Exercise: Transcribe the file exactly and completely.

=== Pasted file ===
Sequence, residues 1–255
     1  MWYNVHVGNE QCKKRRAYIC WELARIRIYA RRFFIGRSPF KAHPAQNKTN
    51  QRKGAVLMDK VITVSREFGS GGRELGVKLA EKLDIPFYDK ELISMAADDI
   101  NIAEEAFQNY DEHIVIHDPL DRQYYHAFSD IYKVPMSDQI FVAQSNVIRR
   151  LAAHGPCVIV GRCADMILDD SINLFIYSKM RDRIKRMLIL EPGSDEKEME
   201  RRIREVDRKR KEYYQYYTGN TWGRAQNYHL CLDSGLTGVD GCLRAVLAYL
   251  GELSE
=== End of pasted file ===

Sequence, residues 1–255
     1  MWYNVHVGNE QCKKRRAYIC WELARIRIYA RRFFIGRSPF KAHPAQNKTN
    51  QRKGAVLMDK VITVSREFGS GGRELGVKLA EKLDIPFYDK ELISMAADDI
   101  NIAEEAFQNY DEHIVIHDPL DRQYYHAFSD IYKVPMSDQI FVAQSNVIRR
   151  LAAHGPCVIV GRCADMILDD SINLFIYSKM RDRIKRMLIL EPGSDEKEME
   201  RRIREVDRKR KEYYQYYTGN TWGRAQNYHL CLDSGLTGVD GCLRAVLAYL
   251  GELSE